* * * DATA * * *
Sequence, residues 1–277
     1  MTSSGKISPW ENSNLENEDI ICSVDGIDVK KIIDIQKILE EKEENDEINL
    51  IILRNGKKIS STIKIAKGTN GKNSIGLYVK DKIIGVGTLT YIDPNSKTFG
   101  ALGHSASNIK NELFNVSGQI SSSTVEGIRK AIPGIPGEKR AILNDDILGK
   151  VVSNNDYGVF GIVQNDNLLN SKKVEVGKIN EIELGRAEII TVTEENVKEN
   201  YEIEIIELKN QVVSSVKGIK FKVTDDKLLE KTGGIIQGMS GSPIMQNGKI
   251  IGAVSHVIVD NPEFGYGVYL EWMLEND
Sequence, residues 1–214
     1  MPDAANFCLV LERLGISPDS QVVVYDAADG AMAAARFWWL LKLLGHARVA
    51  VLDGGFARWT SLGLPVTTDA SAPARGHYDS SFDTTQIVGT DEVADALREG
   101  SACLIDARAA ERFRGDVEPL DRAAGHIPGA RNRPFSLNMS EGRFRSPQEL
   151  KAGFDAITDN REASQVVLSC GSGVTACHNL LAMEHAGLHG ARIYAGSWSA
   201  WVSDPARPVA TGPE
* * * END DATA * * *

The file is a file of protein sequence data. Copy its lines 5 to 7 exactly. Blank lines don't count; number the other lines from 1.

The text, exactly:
   151  VVSNNDYGVF GIVQNDNLLN SKKVEVGKIN EIELGRAEII TVTEENVKEN
   201  YEIEIIELKN QVVSSVKGIK FKVTDDKLLE KTGGIIQGMS GSPIMQNGKI
   251  IGAVSHVIVD NPEFGYGVYL EWMLEND